Note: This is an archived Handbook entry from 2013.
|Dates & Locations:|| |
This subject has the following teaching availabilities in 2013:August, Parkville - Taught on campus.
Timetable can be viewed here. For information about these dates, click here.
|Time Commitment:||Contact Hours: The total class time is between 24 and 26 hours. |
Total Time Commitment: Not available
|Recommended Background Knowledge:||
Applicants without legal qualifications should note that subjects are offered in the discipline of law at an advanced graduate level. While every effort will be made to meet the needs of students trained in other fields, concessions will not be made in the general level of instruction or assessment. Most subjects assume the knowledge usually acquired in a degree in law (LLB, JD or equivalent). Applicants should note that admission to some subjects in the Melbourne Law Masters will be dependent upon the individual applicant’s educational background and professional experience.
|Non Allowed Subjects:||None|
|Core Participation Requirements:||
The Melbourne Law Masters welcomes applications from students with disabilities. The inherent academic requirements for study in the Melbourne Law Masters are:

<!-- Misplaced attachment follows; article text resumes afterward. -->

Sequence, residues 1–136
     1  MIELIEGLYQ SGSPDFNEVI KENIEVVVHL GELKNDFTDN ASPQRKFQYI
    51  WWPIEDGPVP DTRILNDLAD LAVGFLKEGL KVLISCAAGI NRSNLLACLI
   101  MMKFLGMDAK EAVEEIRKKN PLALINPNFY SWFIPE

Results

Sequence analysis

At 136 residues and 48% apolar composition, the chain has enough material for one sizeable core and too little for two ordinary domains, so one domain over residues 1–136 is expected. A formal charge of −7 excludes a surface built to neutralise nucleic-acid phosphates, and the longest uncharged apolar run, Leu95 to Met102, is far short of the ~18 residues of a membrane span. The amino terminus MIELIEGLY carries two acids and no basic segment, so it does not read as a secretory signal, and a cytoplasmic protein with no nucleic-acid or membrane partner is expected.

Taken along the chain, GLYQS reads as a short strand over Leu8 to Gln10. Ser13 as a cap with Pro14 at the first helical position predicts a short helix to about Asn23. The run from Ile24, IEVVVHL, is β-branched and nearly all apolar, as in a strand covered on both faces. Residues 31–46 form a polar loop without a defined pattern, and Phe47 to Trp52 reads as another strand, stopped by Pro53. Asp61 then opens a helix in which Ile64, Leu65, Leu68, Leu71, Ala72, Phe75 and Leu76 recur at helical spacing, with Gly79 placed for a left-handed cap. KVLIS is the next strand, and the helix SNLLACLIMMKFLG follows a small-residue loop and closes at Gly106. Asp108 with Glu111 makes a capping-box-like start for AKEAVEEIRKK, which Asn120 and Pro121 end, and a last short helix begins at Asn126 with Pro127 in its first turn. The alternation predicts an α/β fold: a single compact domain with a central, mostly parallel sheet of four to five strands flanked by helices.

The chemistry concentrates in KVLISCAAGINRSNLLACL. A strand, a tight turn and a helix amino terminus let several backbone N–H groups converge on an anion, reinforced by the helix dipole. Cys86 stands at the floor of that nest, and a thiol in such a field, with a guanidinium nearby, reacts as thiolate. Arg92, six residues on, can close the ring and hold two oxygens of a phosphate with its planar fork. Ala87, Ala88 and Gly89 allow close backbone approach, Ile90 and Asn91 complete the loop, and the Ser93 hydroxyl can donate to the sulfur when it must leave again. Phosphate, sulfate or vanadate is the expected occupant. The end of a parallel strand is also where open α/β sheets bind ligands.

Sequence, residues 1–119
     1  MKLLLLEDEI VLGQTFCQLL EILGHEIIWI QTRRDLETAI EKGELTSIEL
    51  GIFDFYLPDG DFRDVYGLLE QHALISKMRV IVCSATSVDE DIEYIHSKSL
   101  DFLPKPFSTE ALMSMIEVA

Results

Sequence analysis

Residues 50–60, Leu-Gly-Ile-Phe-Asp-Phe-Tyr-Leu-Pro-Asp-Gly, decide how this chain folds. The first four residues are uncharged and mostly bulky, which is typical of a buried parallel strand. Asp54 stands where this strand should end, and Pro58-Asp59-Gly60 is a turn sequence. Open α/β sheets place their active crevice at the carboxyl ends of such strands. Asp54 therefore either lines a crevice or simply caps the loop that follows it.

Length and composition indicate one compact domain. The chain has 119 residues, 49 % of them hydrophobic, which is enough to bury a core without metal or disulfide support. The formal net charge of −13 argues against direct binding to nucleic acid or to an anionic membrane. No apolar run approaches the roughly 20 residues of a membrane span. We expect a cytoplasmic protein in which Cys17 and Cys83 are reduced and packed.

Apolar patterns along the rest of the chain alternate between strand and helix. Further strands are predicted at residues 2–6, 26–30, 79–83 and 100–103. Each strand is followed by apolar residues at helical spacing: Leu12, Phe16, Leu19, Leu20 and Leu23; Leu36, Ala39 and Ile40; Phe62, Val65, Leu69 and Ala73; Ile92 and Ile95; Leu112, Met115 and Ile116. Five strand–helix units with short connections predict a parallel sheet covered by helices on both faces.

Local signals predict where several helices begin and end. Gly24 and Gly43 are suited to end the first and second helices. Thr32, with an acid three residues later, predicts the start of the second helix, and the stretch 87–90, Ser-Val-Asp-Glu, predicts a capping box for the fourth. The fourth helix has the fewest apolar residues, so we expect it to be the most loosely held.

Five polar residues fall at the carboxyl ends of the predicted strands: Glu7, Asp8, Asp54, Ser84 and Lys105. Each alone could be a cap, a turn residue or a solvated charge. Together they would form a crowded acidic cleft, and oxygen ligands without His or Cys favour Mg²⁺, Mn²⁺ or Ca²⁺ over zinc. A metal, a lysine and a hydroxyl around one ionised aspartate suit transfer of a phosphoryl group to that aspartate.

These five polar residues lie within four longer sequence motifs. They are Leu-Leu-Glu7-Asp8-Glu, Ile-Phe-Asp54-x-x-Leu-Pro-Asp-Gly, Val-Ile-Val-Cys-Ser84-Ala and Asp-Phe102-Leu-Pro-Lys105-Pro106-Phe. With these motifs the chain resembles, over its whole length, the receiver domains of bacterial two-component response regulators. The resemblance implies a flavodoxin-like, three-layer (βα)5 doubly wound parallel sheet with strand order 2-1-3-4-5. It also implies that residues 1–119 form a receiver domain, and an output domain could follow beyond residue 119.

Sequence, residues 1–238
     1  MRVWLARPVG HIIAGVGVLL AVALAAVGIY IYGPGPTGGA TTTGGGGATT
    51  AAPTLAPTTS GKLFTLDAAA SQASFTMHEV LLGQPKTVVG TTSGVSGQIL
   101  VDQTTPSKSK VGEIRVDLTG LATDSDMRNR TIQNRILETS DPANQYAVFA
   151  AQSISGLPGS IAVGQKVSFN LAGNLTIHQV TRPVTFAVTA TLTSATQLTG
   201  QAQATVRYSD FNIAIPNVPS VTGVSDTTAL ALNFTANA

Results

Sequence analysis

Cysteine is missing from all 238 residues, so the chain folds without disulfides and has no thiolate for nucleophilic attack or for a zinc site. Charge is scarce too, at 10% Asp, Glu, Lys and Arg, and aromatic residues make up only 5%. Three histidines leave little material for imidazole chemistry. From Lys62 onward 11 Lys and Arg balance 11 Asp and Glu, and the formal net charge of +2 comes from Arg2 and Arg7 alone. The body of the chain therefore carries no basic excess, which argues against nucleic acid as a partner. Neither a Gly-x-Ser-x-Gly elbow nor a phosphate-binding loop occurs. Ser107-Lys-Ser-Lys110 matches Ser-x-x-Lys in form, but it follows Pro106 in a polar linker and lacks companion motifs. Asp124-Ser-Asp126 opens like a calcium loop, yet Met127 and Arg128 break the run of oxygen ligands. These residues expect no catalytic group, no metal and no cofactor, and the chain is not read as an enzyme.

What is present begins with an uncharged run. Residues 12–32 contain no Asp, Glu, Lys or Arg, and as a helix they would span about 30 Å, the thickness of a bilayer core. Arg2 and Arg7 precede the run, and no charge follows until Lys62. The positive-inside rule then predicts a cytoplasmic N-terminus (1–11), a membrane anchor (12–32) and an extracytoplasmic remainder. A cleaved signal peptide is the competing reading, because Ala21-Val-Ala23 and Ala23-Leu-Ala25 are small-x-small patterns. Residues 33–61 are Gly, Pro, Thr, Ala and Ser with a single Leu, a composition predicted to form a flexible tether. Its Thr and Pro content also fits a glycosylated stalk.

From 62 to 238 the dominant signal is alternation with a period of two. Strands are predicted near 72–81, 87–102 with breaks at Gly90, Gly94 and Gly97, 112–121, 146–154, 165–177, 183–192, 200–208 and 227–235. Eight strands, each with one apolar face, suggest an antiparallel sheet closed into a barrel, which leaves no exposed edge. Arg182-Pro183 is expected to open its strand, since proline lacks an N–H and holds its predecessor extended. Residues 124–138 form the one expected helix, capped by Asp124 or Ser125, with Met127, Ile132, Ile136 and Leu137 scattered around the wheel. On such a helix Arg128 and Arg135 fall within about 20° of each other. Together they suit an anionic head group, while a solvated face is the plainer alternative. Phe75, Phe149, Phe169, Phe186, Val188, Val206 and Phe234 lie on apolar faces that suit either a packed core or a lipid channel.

Students who feel their disability will inhibit them from meeting these inherent academic requirements are encouraged to contact the Disability Liaison Unit: www.services.unimelb.edu.au/disability/
For more information, contact the Melbourne Law Masters office.
This subject is a basic ‘how-to’ subject on international business transactions and is essential for those wishing to practise international trade law. The subject focuses on the legal issues faced by practising lawyers in the field, with particular emphasis on the basic legal steps involved in structuring trade and investment transactions. Issues such as trade terms, international sales of goods, documentary credits and the various forms of operating a business and multinational enterprise will be discussed at length. The subject also considers several issues beyond trade and investment, such as franchising and intellectual property rights. Finally, the subject briefly covers possible action when disputes arise. The lecturer has practised international trade law in both government and private practice in North America, Asia and Australia. He has published in international business law, and taught international business law classes in Australia and Hong Kong for over a decade.
Principal topics will include:
A student who has successfully completed this subject should understand:
Take-home examination (100%) (20–23 September)
Core subject materials will be provided free of charge to all students. Some subjects require further texts to be purchased. Visit the Melbourne Law Masters website for more information about this subject.
|Breadth Options:|| |
This subject is not available as a breadth subject.
|Fees Information:||Subject EFTSL, Level, Discipline & Census Date|
|Links to further information:||http://www.law.unimelb.edu.au/subject/LAWS70392/2013|
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